Conclusion

The way folklore and folktales are told and disseminated is changing as new ways of telling stories are coming up. The film is becoming a very popular medium in which folktales, that were told orally from generation to generation, is now being adapted. The audiences are accepting it with all the variations and the uniqueness that are attributed to the medium.

The coming of new media and modern forms of communication are helping the way stories are told in a new format. “Industrialization and the development of technological media do not necessarily imply the end of a given folk culture.” (Selberg 1999:239) Cinema is a form of mass communication that is a joint product of technology and art. Cinema survives as much on technology as on art. The technology involved in cinema is no more not just about capturing photos in quick succession and projecting them on a screen. It is incorporating in itself the new media technologies brought about by digital information technology as well as other related developments and inventions. Folklore found a new medium of expressing itself in cinema. It is evident from the popularity of the many films adapted from folktales and mythologies that have come up over the years.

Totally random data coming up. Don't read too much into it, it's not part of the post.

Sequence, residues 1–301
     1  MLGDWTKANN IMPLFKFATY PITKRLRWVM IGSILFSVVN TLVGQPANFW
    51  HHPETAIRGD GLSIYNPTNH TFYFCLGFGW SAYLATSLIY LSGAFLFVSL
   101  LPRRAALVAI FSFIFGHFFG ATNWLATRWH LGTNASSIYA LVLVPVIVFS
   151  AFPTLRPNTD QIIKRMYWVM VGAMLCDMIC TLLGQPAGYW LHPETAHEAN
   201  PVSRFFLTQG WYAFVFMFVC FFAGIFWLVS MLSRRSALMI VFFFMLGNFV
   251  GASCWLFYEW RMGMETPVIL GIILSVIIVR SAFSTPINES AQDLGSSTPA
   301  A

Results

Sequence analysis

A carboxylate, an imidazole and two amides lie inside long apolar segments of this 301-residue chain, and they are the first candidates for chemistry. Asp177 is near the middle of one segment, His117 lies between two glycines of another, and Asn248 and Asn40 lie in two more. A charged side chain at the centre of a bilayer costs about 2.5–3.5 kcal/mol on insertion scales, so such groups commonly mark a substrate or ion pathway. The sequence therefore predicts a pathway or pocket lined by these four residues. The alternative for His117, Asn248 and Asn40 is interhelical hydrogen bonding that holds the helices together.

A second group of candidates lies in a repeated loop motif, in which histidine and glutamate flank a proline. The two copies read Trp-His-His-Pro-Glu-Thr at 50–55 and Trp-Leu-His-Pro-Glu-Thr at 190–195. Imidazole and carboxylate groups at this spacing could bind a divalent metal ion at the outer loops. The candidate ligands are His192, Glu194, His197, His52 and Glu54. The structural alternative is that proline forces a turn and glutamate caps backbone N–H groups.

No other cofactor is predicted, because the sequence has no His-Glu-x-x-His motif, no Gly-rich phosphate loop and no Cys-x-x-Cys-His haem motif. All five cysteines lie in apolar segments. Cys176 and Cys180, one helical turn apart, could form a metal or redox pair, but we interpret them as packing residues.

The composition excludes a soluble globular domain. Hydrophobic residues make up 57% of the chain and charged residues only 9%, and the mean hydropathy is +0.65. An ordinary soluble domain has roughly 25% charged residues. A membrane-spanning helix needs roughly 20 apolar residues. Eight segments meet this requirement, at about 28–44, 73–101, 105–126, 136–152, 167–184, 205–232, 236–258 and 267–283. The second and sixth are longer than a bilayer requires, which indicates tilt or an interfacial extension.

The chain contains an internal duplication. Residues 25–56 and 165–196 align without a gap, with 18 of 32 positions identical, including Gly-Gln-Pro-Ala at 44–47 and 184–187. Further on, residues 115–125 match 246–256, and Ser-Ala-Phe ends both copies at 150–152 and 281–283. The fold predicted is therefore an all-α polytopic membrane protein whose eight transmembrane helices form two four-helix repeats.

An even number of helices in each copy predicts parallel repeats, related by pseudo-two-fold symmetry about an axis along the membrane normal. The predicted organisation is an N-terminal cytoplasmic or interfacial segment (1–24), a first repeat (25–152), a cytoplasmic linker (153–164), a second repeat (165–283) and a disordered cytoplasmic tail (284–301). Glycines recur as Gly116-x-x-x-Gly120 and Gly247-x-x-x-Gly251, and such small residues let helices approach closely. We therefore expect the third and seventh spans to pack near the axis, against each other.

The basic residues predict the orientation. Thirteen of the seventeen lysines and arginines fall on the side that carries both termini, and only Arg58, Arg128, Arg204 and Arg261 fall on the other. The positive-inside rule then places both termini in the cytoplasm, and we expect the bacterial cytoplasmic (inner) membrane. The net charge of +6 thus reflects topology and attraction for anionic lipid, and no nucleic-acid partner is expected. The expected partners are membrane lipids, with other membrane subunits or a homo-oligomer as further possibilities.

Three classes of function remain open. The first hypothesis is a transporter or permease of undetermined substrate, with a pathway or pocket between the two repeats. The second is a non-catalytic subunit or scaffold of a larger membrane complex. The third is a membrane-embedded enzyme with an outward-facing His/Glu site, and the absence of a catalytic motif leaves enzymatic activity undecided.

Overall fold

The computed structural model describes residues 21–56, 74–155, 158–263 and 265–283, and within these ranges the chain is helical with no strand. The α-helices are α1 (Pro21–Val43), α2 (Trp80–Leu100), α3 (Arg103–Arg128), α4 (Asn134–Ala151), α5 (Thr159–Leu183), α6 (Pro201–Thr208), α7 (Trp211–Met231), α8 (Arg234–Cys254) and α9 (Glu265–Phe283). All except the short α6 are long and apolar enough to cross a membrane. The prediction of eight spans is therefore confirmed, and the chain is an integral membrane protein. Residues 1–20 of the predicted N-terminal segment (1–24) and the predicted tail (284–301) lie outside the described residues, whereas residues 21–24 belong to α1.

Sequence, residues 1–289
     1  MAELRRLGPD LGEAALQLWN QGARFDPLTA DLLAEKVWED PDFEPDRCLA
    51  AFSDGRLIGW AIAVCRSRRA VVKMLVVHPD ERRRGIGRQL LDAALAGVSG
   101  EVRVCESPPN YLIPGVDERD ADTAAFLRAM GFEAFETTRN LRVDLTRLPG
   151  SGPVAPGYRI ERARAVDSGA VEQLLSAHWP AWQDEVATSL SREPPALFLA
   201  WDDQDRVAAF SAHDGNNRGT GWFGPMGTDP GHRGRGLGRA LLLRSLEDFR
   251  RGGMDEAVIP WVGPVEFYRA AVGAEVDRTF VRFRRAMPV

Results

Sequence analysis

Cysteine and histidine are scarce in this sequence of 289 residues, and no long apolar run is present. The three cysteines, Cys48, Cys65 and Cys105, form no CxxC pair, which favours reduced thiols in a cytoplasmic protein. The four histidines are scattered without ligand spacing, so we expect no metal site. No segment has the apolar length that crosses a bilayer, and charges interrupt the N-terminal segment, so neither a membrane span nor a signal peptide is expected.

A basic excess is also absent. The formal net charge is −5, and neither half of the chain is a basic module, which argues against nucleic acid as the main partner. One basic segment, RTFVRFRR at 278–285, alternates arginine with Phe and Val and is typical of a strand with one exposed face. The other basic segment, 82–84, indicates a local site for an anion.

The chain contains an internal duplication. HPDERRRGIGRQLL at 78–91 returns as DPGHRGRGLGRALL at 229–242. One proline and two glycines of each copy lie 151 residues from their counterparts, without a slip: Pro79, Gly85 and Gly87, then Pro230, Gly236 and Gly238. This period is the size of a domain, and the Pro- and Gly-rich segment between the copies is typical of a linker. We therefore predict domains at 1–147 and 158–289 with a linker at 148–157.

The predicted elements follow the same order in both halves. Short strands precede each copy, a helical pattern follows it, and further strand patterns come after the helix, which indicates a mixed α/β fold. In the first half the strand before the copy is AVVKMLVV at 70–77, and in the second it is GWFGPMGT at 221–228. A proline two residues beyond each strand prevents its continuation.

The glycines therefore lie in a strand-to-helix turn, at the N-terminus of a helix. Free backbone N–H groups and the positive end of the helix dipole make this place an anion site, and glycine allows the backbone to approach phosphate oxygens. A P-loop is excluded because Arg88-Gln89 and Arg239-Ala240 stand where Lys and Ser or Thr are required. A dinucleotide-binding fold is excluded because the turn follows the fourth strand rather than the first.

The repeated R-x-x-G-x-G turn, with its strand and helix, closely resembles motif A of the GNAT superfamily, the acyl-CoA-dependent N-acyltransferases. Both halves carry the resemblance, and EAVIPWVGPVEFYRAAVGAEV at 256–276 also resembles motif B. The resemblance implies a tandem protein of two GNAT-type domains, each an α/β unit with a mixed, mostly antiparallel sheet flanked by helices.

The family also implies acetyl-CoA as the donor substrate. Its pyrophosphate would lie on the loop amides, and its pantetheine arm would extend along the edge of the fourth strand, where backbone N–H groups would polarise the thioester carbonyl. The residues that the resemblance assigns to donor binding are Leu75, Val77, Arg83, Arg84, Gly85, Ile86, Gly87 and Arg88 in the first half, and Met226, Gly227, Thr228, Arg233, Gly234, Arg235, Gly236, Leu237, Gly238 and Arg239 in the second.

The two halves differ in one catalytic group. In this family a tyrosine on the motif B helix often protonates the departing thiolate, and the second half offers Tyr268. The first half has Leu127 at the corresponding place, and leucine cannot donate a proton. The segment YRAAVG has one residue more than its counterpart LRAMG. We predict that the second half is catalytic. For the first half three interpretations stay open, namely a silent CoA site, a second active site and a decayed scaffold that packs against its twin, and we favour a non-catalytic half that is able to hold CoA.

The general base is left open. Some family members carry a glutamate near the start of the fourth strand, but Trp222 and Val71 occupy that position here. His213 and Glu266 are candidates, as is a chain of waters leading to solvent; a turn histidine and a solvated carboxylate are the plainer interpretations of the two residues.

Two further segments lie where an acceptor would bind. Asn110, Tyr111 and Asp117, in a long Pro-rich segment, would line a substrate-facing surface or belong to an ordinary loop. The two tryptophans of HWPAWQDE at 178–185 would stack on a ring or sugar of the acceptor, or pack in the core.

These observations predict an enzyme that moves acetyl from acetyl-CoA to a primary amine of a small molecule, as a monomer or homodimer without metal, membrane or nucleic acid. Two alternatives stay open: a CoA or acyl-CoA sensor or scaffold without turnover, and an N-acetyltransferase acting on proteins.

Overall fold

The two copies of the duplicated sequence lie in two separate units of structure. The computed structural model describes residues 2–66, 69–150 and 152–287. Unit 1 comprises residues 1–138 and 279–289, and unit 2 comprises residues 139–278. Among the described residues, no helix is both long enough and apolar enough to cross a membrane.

Analyzing the two Manipuri films, Ngak-e-koNangse and OlangthageeWangmadasoo have shown how the very popular Manipuri folktale Lai Khutshangbi has been adopted and adapted in these two films in telling a modern story that is based on modern sensibilities and conventions of a society that is undergoing unprecedented change at the beginning of the second half of the last century (also a period just after India got independence in 1947). The themes and motifs of the folktale are seamlessly incorporated into the bigger narrative structure.